On January 10, 2024

Gov. Scott outlines priorities: safety, affordability, and housing

By Glenn Russell/VTDigger

Gov. Phil Scott arrives in the House chamber to deliver his State of the State Address before a joint session of the Legislature at the Statehouse in Montpelier on Thursday, Jan. 4.


The governor outlined challenges and opportunities for the state in the coming year. And having already started working with legislators on key initiatives, he dedicated his address to highlighting why it is so critical for them to prioritize three key issues: public safety, affordability, and housing.

“Public safety, affordability, and housing are the issues that demand our immediate attention because Vermonters are seeing, feeling, and living them every single day. And because these issues are critical to reversing our demographic trends,” Gov. Scott said.

The governor also highlighted the progress that has been made over the past several years on key priorities and the need to build on that work.

“We’ve already laid the foundation, literally in many cases, to help revitalize communities across the state. With $1 billion from ARPA, we’re investing in over 500 initiatives, in 160 cities and towns in all 14 counties. From big capital projects to small renovations, what they all have in common is an investment in the basic tools a community needs, to keep from falling behind and spark momentum for more good work.”

“So following through on each of our federally funded investments, including what we’ve allocated for state match, is one of the most important actions we can take this session. We’re also aligning this work with flood recovery, and the new federal dollars that come with it, to help more cities and towns restore their vitality and expand economic security. Catastrophe into opportunity.”

The Governor concluded by celebrating the example many Vermonters have set to support and revitalize their communities, calling on everyone to think about how they can contribute.

“Across the state — from Alburgh to Vernon, Island Pond to Bennington, and everywhere in-between — there are things, large and small, that build community and give these places character and identity,” he said. “What is it for you? Whatever it is, if it matters to you, it’s time to step up, get involved, and make sure it remains for years to come.”

“Strengthening our communities, connecting with our neighbors, doing our part, however big or small, is how we prove there is a better way,” the Governor added.

Excerpts from Governor Scott’s address follow:

In his second Inaugural Address, Governor Weeks talked about recovering from the Flood of 1927. He said, “The common watchwords” were “progress and rehabilitation,” noting the true spirit of Vermont is its “indomitable courage in a time of adversity.” And that “the faith and valor of Vermonters has turned catastrophe into opportunity.”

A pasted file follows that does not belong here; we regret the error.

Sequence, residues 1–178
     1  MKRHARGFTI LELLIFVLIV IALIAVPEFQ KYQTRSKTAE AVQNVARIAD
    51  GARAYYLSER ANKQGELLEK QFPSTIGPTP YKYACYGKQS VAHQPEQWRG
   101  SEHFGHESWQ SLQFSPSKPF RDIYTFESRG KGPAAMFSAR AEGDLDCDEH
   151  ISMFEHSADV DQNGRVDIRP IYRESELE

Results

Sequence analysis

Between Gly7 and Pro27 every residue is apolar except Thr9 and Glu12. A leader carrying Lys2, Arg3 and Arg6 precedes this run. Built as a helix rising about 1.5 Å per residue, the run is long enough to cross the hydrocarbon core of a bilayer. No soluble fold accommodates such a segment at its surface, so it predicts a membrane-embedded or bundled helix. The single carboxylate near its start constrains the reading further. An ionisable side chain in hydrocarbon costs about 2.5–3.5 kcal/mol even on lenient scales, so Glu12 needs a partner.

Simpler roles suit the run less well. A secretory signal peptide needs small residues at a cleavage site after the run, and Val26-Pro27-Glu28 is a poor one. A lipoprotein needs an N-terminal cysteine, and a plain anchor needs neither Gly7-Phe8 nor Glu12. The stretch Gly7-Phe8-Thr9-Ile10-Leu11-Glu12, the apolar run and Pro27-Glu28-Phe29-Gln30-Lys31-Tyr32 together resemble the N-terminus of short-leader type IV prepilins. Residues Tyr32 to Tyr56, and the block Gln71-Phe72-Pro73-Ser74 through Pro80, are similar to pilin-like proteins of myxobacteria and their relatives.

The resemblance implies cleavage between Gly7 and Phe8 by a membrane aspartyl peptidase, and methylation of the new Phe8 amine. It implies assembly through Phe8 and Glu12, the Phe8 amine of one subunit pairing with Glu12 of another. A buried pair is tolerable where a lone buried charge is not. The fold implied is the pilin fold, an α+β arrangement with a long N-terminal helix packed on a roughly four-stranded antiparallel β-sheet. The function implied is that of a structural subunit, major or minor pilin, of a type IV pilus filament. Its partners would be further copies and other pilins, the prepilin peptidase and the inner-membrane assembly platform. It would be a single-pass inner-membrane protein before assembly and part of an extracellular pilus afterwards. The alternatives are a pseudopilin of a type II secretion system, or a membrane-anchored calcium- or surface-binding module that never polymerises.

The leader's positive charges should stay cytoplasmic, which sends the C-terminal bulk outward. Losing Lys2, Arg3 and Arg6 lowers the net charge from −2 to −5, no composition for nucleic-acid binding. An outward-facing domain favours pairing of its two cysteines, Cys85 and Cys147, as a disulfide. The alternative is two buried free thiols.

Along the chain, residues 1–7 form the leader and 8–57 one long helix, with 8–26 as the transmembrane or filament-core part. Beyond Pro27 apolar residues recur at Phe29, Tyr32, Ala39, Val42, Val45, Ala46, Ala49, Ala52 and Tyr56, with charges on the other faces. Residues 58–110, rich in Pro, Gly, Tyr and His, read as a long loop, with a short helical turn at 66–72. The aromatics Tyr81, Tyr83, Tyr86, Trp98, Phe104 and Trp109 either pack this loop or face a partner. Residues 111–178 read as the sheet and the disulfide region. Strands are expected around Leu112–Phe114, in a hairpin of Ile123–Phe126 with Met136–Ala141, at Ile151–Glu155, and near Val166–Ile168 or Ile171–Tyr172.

Progress and rehabilitation. Catastrophe into opportunity.

From the first struggles of the pandemic to the rising waters of July and December, and a once in a century opportunity to revitalize our communities — the indomitable courage of Vermonters is as strong as ever.

This session, let’s honor their resilience and strength, kindness and generosity — not only in flood recovery, but by working together to address persistent problems, like demographics, housing, affordability, and recent increases in violence and crime.

To meet this moment, we are going to have to prioritize, set aside good things that are less urgent, and rise above the toxic polarization of America’s political parties to focus our work directly on these fundamental issues.

If we do, we’ll turn catastrophe into opportunity once more.


President Clinton’s advisor James Carville famously said, “It’s the economy, stupid.”

Now, I’m not calling anyone stupid, but I think you’ll get my point that in Vermont, we could insert “demographics” in place of “economy.”

I get asked all the time, even by some of you, “where did all the workers go?”

So let me share three numbers from your Joint Fiscal Office that tell you everything you need to know: 14,000, 28,000 and 48,000. As of 2022, we have 14,000 fewer kids under the age of 18 than we did in 2010. During that same period, we have 28,000 fewer adults ages 40 to 54, which is the core of our workforce. And we have 48,000 more over the age of 65. This is all within just 12 years, but this is nothing new. It’s been happening for decades.

Let that sink in for a moment.

As the JFO points out, this can mean higher per pupil costs, declines in income and sales tax revenue, and increased demand for services like healthcare.

They conclude, if nothing changes, and I quote, “Vermont’s ratio of older residents to working-aged people will continue to rise, placing a greater burden on workers to support both young and old.”

If this sounds familiar, it’s because you heard it from me in 2017, when I said, “The biggest obstacle we face to economic sustainability, is a shrinking workforce.” In 2018, I said demographic trends are, “shifting the tax burden onto fewer and fewer people.” Again in 2020, I said, “Our demographic crisis is, without question, the greatest challenge we face as a state.”

Unfortunately, it hasn’t gotten any better. It continues to be an issue we must solve to meet today’s obligations, and make every investment needed for the future.

And to have any chance of reversing our demographic trends, there are three issues we can’t ignore: public safety, affordability, and housing.

These challenges are urgent, immediate, and we must address them this session.


For as long as I can remember, our safe, close-knit communities, and the peace of mind healthy cities and towns provide, have been integral to keeping and attracting families to our state.

But with crime rising in too many places, I fear many see the Vermont they know, slipping away.

A growing number of headlines share news of the latest murder, drug-related shooting, and small businesses struggling with increasing vandalism and theft.

Here’s the thing, it’s not just the headlines. According to reports from the Council of State Governments, in 2017 Vermont had the second lowest property crime and second lowest violent crime rates in the nation. By 2022, we had dropped to 18th and eighth.

And in the last 10 years, violent crime reported to police increased 56%, aggravated assault by 65%, sexual assault by 76%, and homicide by 166%. We cannot deny these trends.

When those who victimize others are put back on the streets, hours after being apprehended only to reoffend again and again, Vermonters question law enforcement, prosecutors, our courts, and they question the wisdom of the work done here in this building.

Now, I want to give credit where credit is due: We’ve made progress on justice reform and treating addiction as the public health crisis it is.

But when spiking crime rates make it clear that not all the changes have been effective, we have a responsibility to take a step back and consider other strategies.